CloudWatch Application Insights has technology-specific automatic configuration for metrics
     and log capture.

EC2 instances monitored by CloudWatch Application Insights require Systems Manager and CloudWatch agents and permissions. For more information about this, see Prerequisites to configure an application with CloudWatch Application Insights in the CloudWatch documentation. CloudWatch Application Insights uses Systems Manager to install and update the CloudWatch agent. The metrics and logs configured in CloudWatch Application Insights create a CloudWatch agent configuration file that is stored in a Systems Manager parameter with the AmazonCloudWatch-ApplicationInsights-SSMParameter prefix for each CloudWatch Application Insights component. This results in a separate CloudWatch agent configuration file being added to the CloudWatch agent configuration directory on the EC2 instance. A Systems Manager command is run to append this configuration to the active configuration on the EC2 instance. Using CloudWatch Application Insights doesn’t impact existing CloudWatch agent configuration settings. You can use CloudWatch Application Insights in addition to your own system and application-level CloudWatch agent configurations. However, you should ensure that the configurations don’t overlap.

Performing log analysis with CloudWatch Logs Insights

CloudWatch Logs Insights makes it easy to search multiple log groups by using a simple query language. If your application logs are structured in JSON format, CloudWatch Logs Insights automatically discovers the JSON fields across your log streams in multiple log groups. You can use CloudWatch Logs Insights to analyze your application and system logs, which saves your queries for future use. The query syntax for CloudWatch Logs Insights supports functions such as aggregation with functions, for example, sum(), avg(), count(), min(), and max(), that can be helpful for troubleshooting your applications or performance analysis.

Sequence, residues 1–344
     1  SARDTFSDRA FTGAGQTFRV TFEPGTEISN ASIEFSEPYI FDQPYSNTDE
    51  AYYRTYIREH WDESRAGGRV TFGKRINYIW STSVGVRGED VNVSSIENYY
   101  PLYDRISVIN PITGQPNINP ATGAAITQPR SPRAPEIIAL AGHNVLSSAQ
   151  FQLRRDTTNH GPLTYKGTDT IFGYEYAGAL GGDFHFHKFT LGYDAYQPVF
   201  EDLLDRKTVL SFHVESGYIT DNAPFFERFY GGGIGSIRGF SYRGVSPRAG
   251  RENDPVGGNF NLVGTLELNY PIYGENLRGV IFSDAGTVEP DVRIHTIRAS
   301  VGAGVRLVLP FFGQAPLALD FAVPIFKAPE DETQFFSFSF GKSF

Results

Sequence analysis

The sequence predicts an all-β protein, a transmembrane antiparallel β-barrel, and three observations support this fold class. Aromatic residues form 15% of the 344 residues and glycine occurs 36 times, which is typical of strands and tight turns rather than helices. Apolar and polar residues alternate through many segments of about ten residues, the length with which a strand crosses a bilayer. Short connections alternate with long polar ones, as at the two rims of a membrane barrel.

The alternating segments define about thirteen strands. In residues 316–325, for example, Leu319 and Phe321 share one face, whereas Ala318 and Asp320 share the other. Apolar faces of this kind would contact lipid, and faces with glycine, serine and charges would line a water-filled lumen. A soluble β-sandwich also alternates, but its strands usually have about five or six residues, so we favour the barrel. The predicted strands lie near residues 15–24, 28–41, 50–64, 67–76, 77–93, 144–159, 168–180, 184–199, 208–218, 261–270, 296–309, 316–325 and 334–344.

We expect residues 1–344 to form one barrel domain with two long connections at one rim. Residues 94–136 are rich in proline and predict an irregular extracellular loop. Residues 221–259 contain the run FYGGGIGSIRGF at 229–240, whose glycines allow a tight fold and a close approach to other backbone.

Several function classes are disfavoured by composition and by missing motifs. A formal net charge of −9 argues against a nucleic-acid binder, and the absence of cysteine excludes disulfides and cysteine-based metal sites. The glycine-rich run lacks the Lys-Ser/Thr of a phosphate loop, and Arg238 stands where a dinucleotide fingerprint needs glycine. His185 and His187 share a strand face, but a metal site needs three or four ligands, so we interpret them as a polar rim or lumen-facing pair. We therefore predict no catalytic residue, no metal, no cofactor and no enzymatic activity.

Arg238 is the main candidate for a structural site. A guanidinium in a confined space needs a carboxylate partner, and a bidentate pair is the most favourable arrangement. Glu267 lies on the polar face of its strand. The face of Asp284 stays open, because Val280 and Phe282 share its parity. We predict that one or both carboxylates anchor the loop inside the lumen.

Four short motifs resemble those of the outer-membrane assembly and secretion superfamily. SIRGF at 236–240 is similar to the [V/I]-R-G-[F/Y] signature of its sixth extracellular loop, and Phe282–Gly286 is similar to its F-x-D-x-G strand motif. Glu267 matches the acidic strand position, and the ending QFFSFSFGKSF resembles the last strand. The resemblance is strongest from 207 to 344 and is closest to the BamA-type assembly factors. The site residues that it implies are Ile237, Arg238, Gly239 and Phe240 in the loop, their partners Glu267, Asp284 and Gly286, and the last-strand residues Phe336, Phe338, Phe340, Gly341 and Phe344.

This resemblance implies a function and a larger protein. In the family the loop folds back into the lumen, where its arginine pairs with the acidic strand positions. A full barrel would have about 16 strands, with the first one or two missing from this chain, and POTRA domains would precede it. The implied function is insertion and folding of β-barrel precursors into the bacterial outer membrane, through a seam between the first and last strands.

If you use the embedded metric format to create CloudWatch metrics, you can query your embedded metric format logs to generate one-time metrics by using the supported aggregation functions. This helps reduce your CloudWatch monitoring costs by capturing data points necessary to generate specific metrics on an as-needed basis, instead of actively capturing them as custom metrics. This is especially effective for dimensions with high cardinality that would result in a large number of metrics. CloudWatch Container Insights also takes this approach and captures detailed performance data but only generates CloudWatch metrics for a subset of this data.

For example, the following embedded metric entry only generates a limited set of CloudWatch metrics from the metric data that is captured in the embedded metric format statement: